¶ 7. The Court of Appeals found that Dr. Silverman was qualified as an expert to testify to the standard of care for Dr. Cleveland, but the court found that the circuit court had abused its discretion by overruling the objection to Dr. Silverman's previously undisclosed testimony.[5] The court held that Dr. Silverman's new theory of Dr. Cleveland's malpractice constituted trial by ambush and remanded the case for a new trial against Dr. Cleveland.[6]

¶ 8. Following Dr. Cleveland's motion for rehearing, the Court of Appeals modified its original opinion to explain why it had remanded the case for a new trial against Dr. Cleveland, stating that " where a plaintiff fails to offer qualified expert testimony— and, thus, fails to present a prima facie case— the supreme court and this court have held that the defendant is

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entitled to judgment in his favor." [7] But the court stated that " where the prevailing party blindsides the other party with surprise expert testimony, the supreme court has consistently remedied the unfairness by remanding for a new trial." [8] Therefore, the court found it proper to render judgment for Dr. Smith-Vaniz and Jackson HMA, while remanding for a new trial against Dr. Cleveland.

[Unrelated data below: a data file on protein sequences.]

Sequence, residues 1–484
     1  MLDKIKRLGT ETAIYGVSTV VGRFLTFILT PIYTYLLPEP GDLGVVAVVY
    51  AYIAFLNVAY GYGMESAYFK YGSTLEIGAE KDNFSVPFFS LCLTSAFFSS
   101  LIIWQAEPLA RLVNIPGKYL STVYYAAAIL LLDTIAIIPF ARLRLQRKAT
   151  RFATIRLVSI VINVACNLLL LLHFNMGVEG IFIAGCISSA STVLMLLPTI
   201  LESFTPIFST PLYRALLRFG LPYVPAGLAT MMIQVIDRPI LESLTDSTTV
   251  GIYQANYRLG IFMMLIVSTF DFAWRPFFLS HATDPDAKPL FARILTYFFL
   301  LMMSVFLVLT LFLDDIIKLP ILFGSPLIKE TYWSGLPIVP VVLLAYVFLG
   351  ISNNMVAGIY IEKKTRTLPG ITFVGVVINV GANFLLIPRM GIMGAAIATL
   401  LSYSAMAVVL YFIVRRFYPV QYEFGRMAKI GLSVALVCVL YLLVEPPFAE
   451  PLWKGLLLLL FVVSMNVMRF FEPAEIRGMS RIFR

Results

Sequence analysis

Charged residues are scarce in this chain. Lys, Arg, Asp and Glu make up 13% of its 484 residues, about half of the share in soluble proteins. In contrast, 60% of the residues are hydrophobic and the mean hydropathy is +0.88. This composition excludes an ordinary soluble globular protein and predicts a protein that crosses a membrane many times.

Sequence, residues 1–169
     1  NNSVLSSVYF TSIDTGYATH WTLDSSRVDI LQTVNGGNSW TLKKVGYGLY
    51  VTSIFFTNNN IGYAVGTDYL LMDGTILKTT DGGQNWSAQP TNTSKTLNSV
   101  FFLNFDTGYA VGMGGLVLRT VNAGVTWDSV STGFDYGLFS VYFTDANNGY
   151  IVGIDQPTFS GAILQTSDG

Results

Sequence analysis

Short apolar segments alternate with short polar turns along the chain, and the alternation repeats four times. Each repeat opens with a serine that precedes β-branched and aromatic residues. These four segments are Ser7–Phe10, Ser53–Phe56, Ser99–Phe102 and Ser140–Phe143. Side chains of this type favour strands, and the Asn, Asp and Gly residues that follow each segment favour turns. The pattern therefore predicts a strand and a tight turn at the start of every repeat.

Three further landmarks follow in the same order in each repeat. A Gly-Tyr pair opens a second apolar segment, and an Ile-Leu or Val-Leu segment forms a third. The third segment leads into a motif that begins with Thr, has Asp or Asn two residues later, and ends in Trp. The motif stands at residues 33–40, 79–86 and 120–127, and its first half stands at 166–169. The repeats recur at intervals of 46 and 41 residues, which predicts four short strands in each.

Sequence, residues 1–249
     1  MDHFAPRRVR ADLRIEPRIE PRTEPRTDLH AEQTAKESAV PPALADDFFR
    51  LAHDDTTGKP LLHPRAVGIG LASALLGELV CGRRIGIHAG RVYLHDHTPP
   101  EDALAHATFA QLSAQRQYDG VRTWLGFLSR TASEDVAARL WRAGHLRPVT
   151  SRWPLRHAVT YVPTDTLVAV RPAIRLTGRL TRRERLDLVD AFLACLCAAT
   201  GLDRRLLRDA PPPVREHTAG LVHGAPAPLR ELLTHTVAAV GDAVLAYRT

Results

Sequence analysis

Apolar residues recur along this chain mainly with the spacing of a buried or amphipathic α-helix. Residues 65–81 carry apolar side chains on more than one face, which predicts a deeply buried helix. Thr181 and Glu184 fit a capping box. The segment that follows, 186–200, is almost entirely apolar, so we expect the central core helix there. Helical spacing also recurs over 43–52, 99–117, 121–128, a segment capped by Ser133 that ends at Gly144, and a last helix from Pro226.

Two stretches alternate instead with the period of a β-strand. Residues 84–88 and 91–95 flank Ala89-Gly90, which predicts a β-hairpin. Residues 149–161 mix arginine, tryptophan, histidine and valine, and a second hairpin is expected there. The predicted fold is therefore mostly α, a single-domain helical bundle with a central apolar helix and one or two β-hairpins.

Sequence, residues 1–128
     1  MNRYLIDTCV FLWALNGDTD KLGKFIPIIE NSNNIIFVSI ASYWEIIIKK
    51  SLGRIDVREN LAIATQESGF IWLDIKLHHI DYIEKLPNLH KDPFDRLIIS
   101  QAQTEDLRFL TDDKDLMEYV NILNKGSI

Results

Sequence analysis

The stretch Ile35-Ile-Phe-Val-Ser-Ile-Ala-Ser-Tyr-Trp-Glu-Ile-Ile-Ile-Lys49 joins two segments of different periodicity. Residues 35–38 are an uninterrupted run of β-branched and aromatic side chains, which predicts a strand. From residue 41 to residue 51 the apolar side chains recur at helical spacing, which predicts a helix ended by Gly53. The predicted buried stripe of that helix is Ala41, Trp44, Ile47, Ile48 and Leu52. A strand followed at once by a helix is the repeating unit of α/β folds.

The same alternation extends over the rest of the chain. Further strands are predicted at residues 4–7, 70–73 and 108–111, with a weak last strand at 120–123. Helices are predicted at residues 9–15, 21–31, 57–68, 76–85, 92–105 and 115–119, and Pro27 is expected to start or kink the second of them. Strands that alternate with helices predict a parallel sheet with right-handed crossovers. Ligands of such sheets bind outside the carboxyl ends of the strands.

¶ 9. Dr. Cleveland petitioned this Court for a writ of certiorari, and we granted certiorari.


¶ 10. The single issue before us is whether the Court of Appeals erred by remanding for a new trial against Dr. Cleveland, rather than rendering a judgment in his favor. We hold that the Court of Appeals erred by remanding for a new trial.